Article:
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MASTEN, FRANCIS ORAL (1890–1980). Francis Oral (F. O.) Masten, landowner and cotton farmer, was born on June 23, 1890, at Illinois Bend, Montague County, Texas, one of twelve children of William Cornelius and Mary Elizabeth (Fields) Masten, Jr. His father was a farmer. Masten had very little formal education and at the age of nineteen left home to seek his fortune in the cottonfields of the Quanah area. He had only five dollars in his pocket, a pair of knee pads, and a cotton sack. In those days cotton-pickers were paid fifty cents a hundredweight, and although the diligent youth was capable of picking as much as 416 pounds a day, he could expect to receive a mere $2.08 for the effort. At the end of the season Masten had made $126 and felt like a rich man. Afterwards he worked as a farmhand at twenty dollars a month. After two years he had saved enough to purchase four mules and rent a 160-acre farm in Hardeman County.

By 1918 Masten had purchased a small, worn-out farm at Chillicothe. By the 1920s he had begun systematically fertilizing his land with natural materials such as cotton waste, burrs, and manure, a practice that both conserved the soil and increased its yield. His method was at that time quite innovative; it was also highly successful. He was one of the first farmers in West Texas to conserve the sandy soil by deep-plowing. Masten put pneumatic tires on tractors at a time when large tracts were being put into cultivation. Because he found it difficult to hire efficient drivers, in 1946 he contrived a guide that would make it possible to have driverless tractors in the fields. The driverless tractors attracted the attention of Life magazine, which carried a two-page spread of photographs of the Masten place. The guide is still used in some applications, though manpower is needed to turn the tractor at the row ends. Masten soon built his own warehouses to store large quantities of cotton, sudan, and other crops until the market advanced. His warehouses were at Sudan, where he maintained a residence and administrative offices for more than forty years.

Admitting he was taking the risk of his life, Masten was high bidder in December 1946 in a federal government auction in Dallas of 24,000 acres in Cochran County. However, he exceeded this achievement in 1960 by buying the 111-section Trujillo Ranch of the Matador spread for $2 million. At the time of his death he had over a million dollars in Texas banks and owned 111,310 acres in seven Texas counties-Lamb, Oldham, Collingsworth, Bailey, Castro, Cochran, and Harris. Masten was interested in fostering 4-H Club students. He sponsored school affairs in the various communities where he had holdings, built sports stadiums, and took teams to the Cotton Bowl in Dallas. He served on the first development fund of Abilene Christian College (now Abilene Christian University) as a cochairman and made frequent donations to the school, often in cotton bales. At his death, he left the school a portion of his estate. In 1938 the Progressive Farmer magazine honored Masten as one of the first "master farmers" in Texas. He was a president of the Master Farmers of Texas twice and of the Master Farmers of America once. He twice won awards in contests sponsored by the Dallas Morning News for the highest cotton yields on five-acre tracts and for the highest value grown on the five acres. Masten was a Methodist and an ardent Democrat. On August 28, 1913, he married Lilly B. McCorkle; they had one child, who died in infancy. Lilly died in 1967. Masten died of cancer on January 8, 1980, in a Lubbock hospital and was buried in Memorial Gardens in Wellington, Texas. A court battle subsequently developed between Abilene Christian University and Masten's heirs-at-law over his $50 million estate. After a year of litigation those involved reached an out-of-court decision to split the inheritance.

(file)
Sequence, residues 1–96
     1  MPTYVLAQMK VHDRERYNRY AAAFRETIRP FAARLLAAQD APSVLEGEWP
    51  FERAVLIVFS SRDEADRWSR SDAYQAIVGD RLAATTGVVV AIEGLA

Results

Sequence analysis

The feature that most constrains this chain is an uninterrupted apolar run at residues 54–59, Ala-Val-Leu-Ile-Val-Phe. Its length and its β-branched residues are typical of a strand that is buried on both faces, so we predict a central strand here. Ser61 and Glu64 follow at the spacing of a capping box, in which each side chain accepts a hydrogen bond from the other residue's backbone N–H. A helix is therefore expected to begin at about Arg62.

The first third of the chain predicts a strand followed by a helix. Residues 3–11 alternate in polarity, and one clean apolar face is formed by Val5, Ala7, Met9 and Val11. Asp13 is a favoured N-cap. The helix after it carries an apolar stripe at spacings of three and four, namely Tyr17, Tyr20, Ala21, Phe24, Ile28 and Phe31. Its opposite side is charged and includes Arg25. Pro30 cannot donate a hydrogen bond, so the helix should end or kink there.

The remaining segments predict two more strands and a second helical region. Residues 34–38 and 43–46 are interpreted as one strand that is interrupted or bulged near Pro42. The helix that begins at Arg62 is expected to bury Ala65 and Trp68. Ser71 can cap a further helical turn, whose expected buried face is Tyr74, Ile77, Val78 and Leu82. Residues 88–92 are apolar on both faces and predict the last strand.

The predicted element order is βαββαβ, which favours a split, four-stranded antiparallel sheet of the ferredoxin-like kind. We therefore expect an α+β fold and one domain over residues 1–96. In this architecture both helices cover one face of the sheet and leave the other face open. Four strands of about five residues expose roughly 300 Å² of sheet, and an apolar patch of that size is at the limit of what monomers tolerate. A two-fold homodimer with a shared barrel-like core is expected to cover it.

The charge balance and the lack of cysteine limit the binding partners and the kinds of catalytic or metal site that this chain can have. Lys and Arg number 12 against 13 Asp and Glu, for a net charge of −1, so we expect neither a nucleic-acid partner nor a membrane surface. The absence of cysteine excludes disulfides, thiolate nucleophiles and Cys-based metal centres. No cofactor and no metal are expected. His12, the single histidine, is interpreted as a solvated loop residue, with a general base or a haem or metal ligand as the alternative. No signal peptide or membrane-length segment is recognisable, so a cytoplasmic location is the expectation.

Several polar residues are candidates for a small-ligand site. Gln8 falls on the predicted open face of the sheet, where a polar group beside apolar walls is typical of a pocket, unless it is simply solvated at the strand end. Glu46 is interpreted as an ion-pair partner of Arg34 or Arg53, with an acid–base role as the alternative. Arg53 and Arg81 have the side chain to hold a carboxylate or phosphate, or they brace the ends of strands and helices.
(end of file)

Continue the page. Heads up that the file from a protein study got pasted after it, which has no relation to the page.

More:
Jim Carroll, "Man of the Month: F. O. Masten, Dirt Farmer," Preview of Texas, August 1951. Fort Worth Star-Telegram, January 4, 1981. Lubbock Avalanche-Journal, September 25, 1949, November 7, 1965, January 9, 1980. Vertical Files, Dolph Briscoe Center for American History, University of Texas at Austin.

Jeanne F. Lively

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The following, adapted from the Chicago Manual of Style, 15th edition, is the preferred citation for this article.

Handbook of Texas Online, Jeanne F. Lively, "Masten, Francis Oral," accessed January 17, 2018,

Uploaded on June 15, 2010. Modified on September 29, 2013. Published by the Texas State Historical Association.